Saturday afternoons hold a very special place in my memories as we watched television's greatest artist Jon Gnagy perform miracles with pencils, charcoals, and chalk. Jon inspired most of the artwork that I do today. In fact, I've developed a sincere love for gray, cloudy skies primarily because that's how Jon's skies looked.
My dad would always give me a bag of Blue Bell Bar-B-Q potato chips as a special treat during the show. I sure looked forward to those special Saturdays, eating BBQ chips and watching Jon. I got an official "Learn to Draw Outfit" for Christmas one year. It came with everything you needed to get started, including a detailed "how-to" book. I was fascinated with all the chalks, different pencils, and the tools that professional artists used. I was still struggling with coloring books, but really loved the challenge of serious drawing. At the time, my main medium were Crayons. With this set, I truly felt that I'd expanded.
October of 1962 was difficult time. World events that I hadn't paid much mind to, terrified my parents. The first and most influential event was the Cuban Missile Crisis. It scared me to see my parents so frightened. The family television that once was entertainment central, soon became a morbid and terrifying fascination. As I ran around the neighborhood playing war, I had no idea that the real thing was actually taking place. The terrifying part of all was that this recent conflict could have quite possibly been the very last war on earth, and the end of mankind. I recall the word "Kruschev" being uttered constantly. The word became a name, and the name soon attached itself to a round bald-headed face that became a symbol of evil in most American households. You can read more about this here.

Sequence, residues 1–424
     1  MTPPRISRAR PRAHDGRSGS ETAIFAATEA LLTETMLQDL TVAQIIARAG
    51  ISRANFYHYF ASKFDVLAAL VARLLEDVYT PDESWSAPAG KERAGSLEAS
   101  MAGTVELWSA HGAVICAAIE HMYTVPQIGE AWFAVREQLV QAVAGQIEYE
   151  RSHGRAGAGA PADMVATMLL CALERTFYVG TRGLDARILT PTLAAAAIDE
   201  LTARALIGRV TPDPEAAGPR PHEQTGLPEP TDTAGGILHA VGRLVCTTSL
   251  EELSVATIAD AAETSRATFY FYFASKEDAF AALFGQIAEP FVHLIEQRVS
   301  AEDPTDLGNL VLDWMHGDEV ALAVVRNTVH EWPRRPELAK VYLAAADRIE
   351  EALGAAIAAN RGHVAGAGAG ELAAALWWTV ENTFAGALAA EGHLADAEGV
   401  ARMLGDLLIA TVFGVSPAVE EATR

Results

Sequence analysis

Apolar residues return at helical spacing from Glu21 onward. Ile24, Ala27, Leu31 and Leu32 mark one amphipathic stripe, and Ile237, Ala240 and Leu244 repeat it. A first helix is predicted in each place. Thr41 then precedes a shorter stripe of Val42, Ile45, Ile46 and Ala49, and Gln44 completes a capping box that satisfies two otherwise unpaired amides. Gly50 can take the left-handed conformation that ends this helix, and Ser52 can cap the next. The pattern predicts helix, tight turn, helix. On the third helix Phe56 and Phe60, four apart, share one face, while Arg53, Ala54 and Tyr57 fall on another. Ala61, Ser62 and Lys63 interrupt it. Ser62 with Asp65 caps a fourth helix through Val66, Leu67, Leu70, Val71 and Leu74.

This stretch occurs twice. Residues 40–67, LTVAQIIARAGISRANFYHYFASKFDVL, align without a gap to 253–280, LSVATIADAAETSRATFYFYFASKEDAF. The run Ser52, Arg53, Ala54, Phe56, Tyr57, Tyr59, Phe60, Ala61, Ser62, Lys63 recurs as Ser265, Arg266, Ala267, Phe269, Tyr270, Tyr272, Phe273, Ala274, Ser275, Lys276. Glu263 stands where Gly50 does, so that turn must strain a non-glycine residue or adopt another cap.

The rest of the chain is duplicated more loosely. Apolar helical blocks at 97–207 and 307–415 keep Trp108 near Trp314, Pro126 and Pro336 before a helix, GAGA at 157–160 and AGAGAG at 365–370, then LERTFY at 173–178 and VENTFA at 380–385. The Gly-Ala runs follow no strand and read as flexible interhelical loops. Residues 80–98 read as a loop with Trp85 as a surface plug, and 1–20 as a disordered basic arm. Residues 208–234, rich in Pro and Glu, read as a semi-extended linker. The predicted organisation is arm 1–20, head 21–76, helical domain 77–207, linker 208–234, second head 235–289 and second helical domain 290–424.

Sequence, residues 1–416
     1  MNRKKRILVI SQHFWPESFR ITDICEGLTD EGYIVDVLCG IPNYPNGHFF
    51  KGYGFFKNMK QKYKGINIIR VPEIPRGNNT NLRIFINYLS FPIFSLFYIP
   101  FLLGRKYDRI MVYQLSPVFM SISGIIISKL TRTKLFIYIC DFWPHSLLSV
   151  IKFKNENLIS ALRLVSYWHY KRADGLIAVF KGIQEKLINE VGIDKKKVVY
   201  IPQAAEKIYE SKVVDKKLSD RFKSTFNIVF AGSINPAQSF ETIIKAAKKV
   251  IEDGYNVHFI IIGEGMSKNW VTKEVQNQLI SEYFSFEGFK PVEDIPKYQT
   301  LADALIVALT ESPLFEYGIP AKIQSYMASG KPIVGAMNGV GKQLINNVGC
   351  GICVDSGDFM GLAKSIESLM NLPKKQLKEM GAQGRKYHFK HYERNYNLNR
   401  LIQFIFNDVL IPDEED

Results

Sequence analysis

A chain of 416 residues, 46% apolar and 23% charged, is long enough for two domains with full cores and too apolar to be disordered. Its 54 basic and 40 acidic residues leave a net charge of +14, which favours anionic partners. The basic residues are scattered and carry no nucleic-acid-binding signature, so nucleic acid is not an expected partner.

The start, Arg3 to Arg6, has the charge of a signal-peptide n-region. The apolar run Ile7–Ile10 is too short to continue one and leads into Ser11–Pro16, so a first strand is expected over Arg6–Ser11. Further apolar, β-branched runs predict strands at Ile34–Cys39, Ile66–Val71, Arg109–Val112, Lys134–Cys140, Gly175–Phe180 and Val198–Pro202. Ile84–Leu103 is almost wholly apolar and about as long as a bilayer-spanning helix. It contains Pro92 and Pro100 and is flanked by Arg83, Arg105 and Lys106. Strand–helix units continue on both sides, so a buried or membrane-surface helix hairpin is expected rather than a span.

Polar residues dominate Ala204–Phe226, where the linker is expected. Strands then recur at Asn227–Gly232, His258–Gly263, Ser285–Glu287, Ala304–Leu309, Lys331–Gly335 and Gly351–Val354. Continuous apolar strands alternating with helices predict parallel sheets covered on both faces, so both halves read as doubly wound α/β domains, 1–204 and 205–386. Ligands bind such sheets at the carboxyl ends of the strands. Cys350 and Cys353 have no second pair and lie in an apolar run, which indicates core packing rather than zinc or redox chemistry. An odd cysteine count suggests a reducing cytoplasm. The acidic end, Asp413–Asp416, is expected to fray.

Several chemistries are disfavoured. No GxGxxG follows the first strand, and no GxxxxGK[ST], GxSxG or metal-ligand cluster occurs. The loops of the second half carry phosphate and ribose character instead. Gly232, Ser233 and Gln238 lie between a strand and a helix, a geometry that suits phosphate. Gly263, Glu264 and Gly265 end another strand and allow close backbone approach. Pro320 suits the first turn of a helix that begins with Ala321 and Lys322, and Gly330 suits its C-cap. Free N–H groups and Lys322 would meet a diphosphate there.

The Columbus Day Storm, 1962
On a windy Friday of October the 12th, came The Columbus Day Storm of 1962. This was a freak hurricane that struck Oregon. 80 mph winds tore up the city leaving 17 dead, and hundreds injured. I still remember the night of this storm. My mom made us crawl under our beds. We spent the night there. My dad put as many quilts as he could find over the picture window in the living room. Outside I could hear the winds ripping, and tearing apart the landscape. It sounded like our roof was coming off. I had a bunch of new little cars. They were Tootsie Toys, my pre-cursor to Matchbox Cars. I was playing with them under the bed, and even though the chaos was outside, I was thinking that this was all some great adventure. When I awoke the next day, our tree had fallen into the neighbor's yard blocking his car in. Luckily it narrowly missed his car. Read the full Oregonian article here